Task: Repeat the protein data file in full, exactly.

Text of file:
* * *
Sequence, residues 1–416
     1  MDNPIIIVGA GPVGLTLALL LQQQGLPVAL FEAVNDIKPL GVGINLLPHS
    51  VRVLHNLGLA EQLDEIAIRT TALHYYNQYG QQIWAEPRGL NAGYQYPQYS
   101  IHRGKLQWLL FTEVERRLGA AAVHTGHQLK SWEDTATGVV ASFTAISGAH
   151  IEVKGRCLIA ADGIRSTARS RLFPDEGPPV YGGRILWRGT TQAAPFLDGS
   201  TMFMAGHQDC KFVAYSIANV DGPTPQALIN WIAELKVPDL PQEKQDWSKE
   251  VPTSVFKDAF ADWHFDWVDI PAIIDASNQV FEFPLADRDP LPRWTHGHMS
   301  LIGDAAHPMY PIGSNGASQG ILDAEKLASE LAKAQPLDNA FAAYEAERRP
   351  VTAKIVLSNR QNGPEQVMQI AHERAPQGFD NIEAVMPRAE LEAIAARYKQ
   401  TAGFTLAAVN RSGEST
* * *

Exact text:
Sequence, residues 1–416
     1  MDNPIIIVGA GPVGLTLALL LQQQGLPVAL FEAVNDIKPL GVGINLLPHS
    51  VRVLHNLGLA EQLDEIAIRT TALHYYNQYG QQIWAEPRGL NAGYQYPQYS
   101  IHRGKLQWLL FTEVERRLGA AAVHTGHQLK SWEDTATGVV ASFTAISGAH
   151  IEVKGRCLIA ADGIRSTARS RLFPDEGPPV YGGRILWRGT TQAAPFLDGS
   201  TMFMAGHQDC KFVAYSIANV DGPTPQALIN WIAELKVPDL PQEKQDWSKE
   251  VPTSVFKDAF ADWHFDWVDI PAIIDASNQV FEFPLADRDP LPRWTHGHMS
   301  LIGDAAHPMY PIGSNGASQG ILDAEKLASE LAKAQPLDNA FAAYEAERRP
   351  VTAKIVLSNR QNGPEQVMQI AHERAPQGFD NIEAVMPRAE LEAIAARYKQ
   401  TAGFTLAAVN RSGEST